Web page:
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Basic Operations Arithmetic: +, -, *, / Order of operations: () Exponentiaition: ^, exp() Other: log(), sqrt Evaluate standard Normal density curve, at x = 3 > x <- 3 > 1/sqrt(2*pi)*exp(-(x^2)/2) [1] 0.004431848

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Vectorization R is great at vectorizing operations Feed a matrix or vector into an expression Receive an object of similar dimension as output For example, evaluate at x = 0,1,2,3 > x <- c(0,1,2,3) > 1/sqrt(2*pi)*exp(-(x^2)/2) [1] 0.39842280 0.241970725 0.053990967 0.004431848

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Logical Operations Compare: ==, >, =, <=, != > a <- c(1,1,2,4,3,1) > a == 2 [1] FALSE FALSE TRUE FALSE FALSE FALSE And: & or && Or: | or || Find location of TRUEs: which() > which(a == 1) [1] 1 2 6

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Subsetting > a <- 1:5 > b <- matrix(1:12,nrow = 3) Use Square brackets [] Pick range of elements: a[1:3] Pick particular elements: a[c(1,3,5)] Do not include elements: a[-c(1,4)]

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Subsetting (cont.) Use commas in more than on dimension (matrices & data frames) Pick particular elements: B[1:2,2:4] Give all rows and specified columns: B[,1:2] Give all columns and specified rows: B[1:2,] Note: B[2] coerces into a vector then gives specified element

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Reading External Data Files SwissNotes.csv Data set Complied by Bernard Flury Contains measurements on 200 Swiss Bank Notes 100 genuine and 100 counterfeit notes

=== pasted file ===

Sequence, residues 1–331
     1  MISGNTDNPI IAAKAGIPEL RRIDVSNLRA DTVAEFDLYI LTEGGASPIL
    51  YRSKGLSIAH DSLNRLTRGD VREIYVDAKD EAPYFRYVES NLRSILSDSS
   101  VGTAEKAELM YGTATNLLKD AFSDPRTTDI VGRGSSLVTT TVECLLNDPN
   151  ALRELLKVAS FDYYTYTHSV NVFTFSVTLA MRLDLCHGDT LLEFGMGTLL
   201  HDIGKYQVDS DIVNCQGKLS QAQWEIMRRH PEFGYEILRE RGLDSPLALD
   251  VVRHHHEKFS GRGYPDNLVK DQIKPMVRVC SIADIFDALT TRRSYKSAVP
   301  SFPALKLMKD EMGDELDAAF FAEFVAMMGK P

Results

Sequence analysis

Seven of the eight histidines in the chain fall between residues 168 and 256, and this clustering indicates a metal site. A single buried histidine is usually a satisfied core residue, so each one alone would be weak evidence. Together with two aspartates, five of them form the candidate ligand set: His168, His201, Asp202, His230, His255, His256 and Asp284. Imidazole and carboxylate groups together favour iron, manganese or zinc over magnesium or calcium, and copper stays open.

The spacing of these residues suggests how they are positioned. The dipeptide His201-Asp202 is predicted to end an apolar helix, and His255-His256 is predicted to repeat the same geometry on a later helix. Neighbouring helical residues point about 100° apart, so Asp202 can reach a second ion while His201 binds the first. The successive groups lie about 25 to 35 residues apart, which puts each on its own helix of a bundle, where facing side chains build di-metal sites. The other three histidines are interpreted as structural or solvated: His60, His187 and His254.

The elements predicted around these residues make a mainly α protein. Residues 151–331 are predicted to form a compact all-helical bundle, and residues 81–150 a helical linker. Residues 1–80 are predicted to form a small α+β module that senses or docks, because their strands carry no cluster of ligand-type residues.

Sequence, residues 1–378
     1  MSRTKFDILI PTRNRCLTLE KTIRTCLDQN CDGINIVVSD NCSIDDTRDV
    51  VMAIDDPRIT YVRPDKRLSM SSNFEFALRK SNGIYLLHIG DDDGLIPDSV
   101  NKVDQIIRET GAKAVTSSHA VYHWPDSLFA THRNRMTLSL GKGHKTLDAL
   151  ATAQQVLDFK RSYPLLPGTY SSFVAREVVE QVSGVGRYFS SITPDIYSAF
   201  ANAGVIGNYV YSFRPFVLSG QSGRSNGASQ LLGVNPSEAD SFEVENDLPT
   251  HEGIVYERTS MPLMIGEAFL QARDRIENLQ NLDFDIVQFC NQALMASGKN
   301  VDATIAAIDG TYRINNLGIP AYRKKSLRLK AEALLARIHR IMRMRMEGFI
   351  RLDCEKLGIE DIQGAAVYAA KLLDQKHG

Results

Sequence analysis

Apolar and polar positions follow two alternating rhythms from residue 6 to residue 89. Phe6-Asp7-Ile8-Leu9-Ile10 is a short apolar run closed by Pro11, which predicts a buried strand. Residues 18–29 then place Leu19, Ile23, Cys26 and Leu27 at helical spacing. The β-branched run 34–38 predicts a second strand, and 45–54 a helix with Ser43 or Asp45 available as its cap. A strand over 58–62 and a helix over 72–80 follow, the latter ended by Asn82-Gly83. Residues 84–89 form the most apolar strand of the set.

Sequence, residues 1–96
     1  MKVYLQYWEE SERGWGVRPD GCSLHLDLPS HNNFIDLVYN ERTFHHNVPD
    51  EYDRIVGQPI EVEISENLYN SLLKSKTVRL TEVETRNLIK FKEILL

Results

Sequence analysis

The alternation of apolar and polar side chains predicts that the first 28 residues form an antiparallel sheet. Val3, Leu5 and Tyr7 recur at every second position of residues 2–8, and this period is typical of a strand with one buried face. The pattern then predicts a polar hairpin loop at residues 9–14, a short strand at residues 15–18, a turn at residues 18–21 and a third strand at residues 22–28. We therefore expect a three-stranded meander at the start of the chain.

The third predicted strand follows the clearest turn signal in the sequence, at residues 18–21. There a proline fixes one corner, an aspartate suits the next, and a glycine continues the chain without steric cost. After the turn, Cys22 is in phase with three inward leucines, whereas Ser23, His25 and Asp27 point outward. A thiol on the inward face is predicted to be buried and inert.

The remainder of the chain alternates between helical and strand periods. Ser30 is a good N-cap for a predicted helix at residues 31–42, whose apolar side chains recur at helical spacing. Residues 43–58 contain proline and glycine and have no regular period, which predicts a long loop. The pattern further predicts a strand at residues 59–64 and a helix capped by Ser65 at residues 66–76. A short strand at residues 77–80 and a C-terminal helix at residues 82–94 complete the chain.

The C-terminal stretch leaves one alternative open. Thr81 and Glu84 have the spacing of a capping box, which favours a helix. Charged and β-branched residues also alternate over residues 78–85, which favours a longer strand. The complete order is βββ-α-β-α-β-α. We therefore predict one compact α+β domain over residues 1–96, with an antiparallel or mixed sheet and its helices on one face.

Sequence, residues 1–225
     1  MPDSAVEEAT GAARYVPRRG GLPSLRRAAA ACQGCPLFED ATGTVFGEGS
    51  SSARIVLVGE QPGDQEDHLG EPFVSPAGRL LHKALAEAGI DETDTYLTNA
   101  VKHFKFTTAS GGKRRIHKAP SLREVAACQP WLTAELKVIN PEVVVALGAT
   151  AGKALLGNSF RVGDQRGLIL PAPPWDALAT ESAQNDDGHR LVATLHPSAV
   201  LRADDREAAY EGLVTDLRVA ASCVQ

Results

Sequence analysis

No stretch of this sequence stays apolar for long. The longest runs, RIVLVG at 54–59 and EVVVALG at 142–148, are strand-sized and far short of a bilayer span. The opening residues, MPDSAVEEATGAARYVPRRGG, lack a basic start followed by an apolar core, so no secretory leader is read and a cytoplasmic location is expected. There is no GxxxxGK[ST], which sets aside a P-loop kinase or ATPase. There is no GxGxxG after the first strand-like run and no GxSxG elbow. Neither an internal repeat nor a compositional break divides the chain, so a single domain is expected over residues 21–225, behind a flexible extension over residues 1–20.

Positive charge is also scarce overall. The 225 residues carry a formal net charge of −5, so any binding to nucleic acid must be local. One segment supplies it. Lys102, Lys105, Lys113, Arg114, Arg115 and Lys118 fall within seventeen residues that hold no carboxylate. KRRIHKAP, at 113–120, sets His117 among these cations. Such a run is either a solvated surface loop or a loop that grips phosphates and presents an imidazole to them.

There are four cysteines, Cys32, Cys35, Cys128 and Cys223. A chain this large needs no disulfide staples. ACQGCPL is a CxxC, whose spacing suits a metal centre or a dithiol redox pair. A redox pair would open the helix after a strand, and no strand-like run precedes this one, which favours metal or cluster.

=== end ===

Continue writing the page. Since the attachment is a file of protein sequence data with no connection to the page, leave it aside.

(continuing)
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Reading External Data Files (cont.) Most general function: read.table() read.table(file,header=FALSE,sep = “”,…) Creates a data frame File name must be in quotes, single or double File name is case sensitive Include file name extension if data not in working directory > read.table(“C:/Users/jacksota/Desktop/SwissNotes.csv”, T,“,”) Don’t know the file extension? Try: file.choose() > read.table(file.choose(), header = TRUE, sep = ”,”) sep defines the separator, e.g. “,” or “\t” or “” header indicates variable names should be read from first row

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Reading External Data Files For comma delimited files: read.csv() For tab delimited files: read.delim() For Minitab, SPSS, SAS, STATA, etc. data: foreign package Contains functions to read variety of file formats Functions operate like read.data() Contains functions for writing data into these file formats

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Data Frame Hints Identify variable names in data frame: names() > data1 <- read.table(“SwissNotes.csv”, sep=“,”, header =TRUE) > names(data1) [1] “Length” “LeftHeight” “RightHeight” “LowerInner.Frame” [5] “UpperInner.Frame” “Diagonal” “Type” Assign name to data frame variables > names(data1) <- c(“Length”, “LeftHeight”, “RightHeight”, “LowerInner..Frame”, “UpperInner.Frame”, “Diagonal”, “Type”) Note: names are strings and MUST be contained in quotes

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Data Frame Hints (cont.) Create objects out of each data frame variable: attach() In the Swiss Note data, to refer to Type as its own object > attach(data1) > Type [1] GenuineGenuineGenuine ….

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Data Frame Hints (cont.) Remove attached objects from workspace: detach() > detach(data1) > Type Error: object “Type” not found Note: Type is still part of original data frame, but is no longer a separate object.